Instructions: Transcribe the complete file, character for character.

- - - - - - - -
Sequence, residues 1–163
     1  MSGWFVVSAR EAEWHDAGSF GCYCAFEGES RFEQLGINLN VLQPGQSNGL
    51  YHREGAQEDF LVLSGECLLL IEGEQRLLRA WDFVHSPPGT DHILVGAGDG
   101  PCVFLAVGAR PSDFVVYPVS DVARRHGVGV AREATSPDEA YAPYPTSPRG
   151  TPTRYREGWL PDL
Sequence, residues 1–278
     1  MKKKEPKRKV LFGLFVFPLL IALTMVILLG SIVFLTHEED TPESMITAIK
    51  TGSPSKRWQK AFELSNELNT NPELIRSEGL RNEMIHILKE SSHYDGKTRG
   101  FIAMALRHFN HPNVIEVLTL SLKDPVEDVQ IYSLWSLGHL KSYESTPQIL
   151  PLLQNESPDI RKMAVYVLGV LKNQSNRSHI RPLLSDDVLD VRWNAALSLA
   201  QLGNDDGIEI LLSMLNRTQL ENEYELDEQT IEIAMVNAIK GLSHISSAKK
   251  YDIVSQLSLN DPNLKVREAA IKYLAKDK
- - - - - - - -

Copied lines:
Sequence, residues 1–163
     1  MSGWFVVSAR EAEWHDAGSF GCYCAFEGES RFEQLGINLN VLQPGQSNGL
    51  YHREGAQEDF LVLSGECLLL IEGEQRLLRA WDFVHSPPGT DHILVGAGDG
   101  PCVFLAVGAR PSDFVVYPVS DVARRHGVGV AREATSPDEA YAPYPTSPRG
   151  TPTRYREGWL PDL
Sequence, residues 1–278
     1  MKKKEPKRKV LFGLFVFPLL IALTMVILLG SIVFLTHEED TPESMITAIK
    51  TGSPSKRWQK AFELSNELNT NPELIRSEGL RNEMIHILKE SSHYDGKTRG
   101  FIAMALRHFN HPNVIEVLTL SLKDPVEDVQ IYSLWSLGHL KSYESTPQIL
   151  PLLQNESPDI RKMAVYVLGV LKNQSNRSHI RPLLSDDVLD VRWNAALSLA
   201  QLGNDDGIEI LLSMLNRTQL ENEYELDEQT IEIAMVNAIK GLSHISSAKK
   251  YDIVSQLSLN DPNLKVREAA IKYLAKDK